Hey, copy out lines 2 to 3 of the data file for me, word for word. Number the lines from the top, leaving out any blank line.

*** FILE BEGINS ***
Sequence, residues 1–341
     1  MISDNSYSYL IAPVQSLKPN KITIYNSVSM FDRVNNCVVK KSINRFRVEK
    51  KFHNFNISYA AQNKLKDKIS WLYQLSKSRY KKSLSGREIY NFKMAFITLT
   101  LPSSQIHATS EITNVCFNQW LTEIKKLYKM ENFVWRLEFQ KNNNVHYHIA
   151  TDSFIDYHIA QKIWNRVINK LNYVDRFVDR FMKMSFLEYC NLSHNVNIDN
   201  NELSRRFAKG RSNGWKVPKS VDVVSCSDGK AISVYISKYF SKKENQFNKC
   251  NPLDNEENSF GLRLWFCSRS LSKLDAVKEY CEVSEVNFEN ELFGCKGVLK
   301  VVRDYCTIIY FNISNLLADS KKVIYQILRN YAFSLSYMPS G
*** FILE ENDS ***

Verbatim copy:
     1  MISDNSYSYL IAPVQSLKPN KITIYNSVSM FDRVNNCVVK KSINRFRVEK
    51  KFHNFNISYA AQNKLKDKIS WLYQLSKSRY KKSLSGREIY NFKMAFITLT